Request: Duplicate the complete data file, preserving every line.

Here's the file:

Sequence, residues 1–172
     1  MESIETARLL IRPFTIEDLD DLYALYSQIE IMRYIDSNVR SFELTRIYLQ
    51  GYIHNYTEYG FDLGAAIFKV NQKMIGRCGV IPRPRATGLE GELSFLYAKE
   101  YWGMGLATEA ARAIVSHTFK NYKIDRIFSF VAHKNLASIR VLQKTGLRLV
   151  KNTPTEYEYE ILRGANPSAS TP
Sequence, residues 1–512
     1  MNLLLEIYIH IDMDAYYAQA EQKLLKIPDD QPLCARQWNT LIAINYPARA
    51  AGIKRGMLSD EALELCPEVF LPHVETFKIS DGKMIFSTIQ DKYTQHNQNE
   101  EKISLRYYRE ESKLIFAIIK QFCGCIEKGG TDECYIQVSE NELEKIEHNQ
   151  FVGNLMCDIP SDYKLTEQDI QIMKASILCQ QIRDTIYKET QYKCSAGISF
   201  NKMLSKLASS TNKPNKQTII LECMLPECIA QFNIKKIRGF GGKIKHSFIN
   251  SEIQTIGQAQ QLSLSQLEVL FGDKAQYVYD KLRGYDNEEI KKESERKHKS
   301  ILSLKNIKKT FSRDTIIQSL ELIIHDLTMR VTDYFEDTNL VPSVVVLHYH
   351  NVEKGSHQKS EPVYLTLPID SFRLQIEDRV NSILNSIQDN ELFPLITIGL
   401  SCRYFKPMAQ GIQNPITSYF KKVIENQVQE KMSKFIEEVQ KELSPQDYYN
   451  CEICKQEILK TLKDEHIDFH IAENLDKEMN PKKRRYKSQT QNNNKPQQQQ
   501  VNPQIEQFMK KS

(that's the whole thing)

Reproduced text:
Sequence, residues 1–172
     1  MESIETARLL IRPFTIEDLD DLYALYSQIE IMRYIDSNVR SFELTRIYLQ
    51  GYIHNYTEYG FDLGAAIFKV NQKMIGRCGV IPRPRATGLE GELSFLYAKE
   101  YWGMGLATEA ARAIVSHTFK NYKIDRIFSF VAHKNLASIR VLQKTGLRLV
   151  KNTPTEYEYE ILRGANPSAS TP
Sequence, residues 1–512
     1  MNLLLEIYIH IDMDAYYAQA EQKLLKIPDD QPLCARQWNT LIAINYPARA
    51  AGIKRGMLSD EALELCPEVF LPHVETFKIS DGKMIFSTIQ DKYTQHNQNE
   101  EKISLRYYRE ESKLIFAIIK QFCGCIEKGG TDECYIQVSE NELEKIEHNQ
   151  FVGNLMCDIP SDYKLTEQDI QIMKASILCQ QIRDTIYKET QYKCSAGISF
   201  NKMLSKLASS TNKPNKQTII LECMLPECIA QFNIKKIRGF GGKIKHSFIN
   251  SEIQTIGQAQ QLSLSQLEVL FGDKAQYVYD KLRGYDNEEI KKESERKHKS
   301  ILSLKNIKKT FSRDTIIQSL ELIIHDLTMR VTDYFEDTNL VPSVVVLHYH
   351  NVEKGSHQKS EPVYLTLPID SFRLQIEDRV NSILNSIQDN ELFPLITIGL
   401  SCRYFKPMAQ GIQNPITSYF KKVIENQVQE KMSKFIEEVQ KELSPQDYYN
   451  CEICKQEILK TLKDEHIDFH IAENLDKEMN PKKRRYKSQT QNNNKPQQQQ
   501  VNPQIEQFMK KS